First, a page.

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Voice In Teen Novels, by Amy Kathleen Ryan

I get asked a lot in my classes on writing how I make the voice for the teenager ‘authentic’. I think my answer is frustratingly esoteric, but it works for me: I don’t try to sound like a teenager at all. I don’t try to include current slang, or fads, or anything that actually separates me from teens.  I’m a generation older than they are and there isn’t anything I can do about that. Their youth, their teenaged rambunctiousness, their clingy jeans and their weird hairstyles — if I get bogged down in all that, it alienates me from them too much. In other words, I can’t be really authentic in my YA voice if I think of teenagers as the “other”.

Instead I try really hard to get down to the basics, and simply imagine a young, inexperienced person stuck in the situation I’ve created for them. I focus on creating a real, whole character who behaves in all the unexpected, strange ways people behave when they’re confronted with the challenges of life.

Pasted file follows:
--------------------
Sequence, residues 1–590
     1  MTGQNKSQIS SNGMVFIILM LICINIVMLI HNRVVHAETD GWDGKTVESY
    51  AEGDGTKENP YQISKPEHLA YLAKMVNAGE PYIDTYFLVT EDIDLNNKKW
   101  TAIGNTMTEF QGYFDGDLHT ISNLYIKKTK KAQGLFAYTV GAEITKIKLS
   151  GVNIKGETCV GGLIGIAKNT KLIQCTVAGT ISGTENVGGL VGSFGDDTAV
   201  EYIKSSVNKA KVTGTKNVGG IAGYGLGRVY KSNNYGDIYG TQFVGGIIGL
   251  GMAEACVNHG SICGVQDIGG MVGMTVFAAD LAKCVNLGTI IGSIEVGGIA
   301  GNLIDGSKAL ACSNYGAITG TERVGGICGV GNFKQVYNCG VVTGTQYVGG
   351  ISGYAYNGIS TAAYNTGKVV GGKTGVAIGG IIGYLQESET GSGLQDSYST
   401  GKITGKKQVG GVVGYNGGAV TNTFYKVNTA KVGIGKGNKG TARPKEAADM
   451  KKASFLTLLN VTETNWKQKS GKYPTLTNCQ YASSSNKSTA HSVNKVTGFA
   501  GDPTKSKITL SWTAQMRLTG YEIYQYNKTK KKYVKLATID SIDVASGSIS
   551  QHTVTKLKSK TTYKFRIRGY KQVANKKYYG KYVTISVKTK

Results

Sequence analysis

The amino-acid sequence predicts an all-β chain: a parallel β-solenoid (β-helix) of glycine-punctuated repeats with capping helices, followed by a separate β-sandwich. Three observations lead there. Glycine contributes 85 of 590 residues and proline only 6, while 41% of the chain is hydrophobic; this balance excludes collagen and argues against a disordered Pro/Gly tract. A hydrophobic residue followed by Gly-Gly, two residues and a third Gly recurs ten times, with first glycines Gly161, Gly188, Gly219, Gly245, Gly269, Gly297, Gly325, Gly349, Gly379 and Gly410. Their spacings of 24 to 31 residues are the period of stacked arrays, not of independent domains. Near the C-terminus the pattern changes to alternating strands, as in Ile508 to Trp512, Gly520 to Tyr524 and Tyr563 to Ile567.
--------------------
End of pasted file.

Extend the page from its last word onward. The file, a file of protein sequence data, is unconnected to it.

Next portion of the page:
Some writers have a totally different take on this question, and they’re not wrong. Many YA writers I know spend time with teens just so they can listen to the way they talk, notice their clothes, and their many changing fads. This can be a good approach too, but I would suggest that even writers who are observing and studying young people, when they’re in the task of writing, are still thinking of their teen characters as people first. Probably all those anxieties about linguistically masquerading themselves fall into the background when they’re drafting.

My only caveat with this approach is that if one tries too hard to sound “current,” one could end up with a book that doesn’t age particularly well. Imagine reading a book written during the 1970s when all the kids were saying, “Far out,” and “Groovy.” Do you want to read that book now? I’ll bet you if you take a look at the books that have endured over the decades, you’ll find that none of the characters sound like the cast of The Brady Bunch.  If plain old lovely English is good enough for the likes of Judy Blume, Madeleine L’Engle, and Katherine Paterson, it is certainly good enough for me.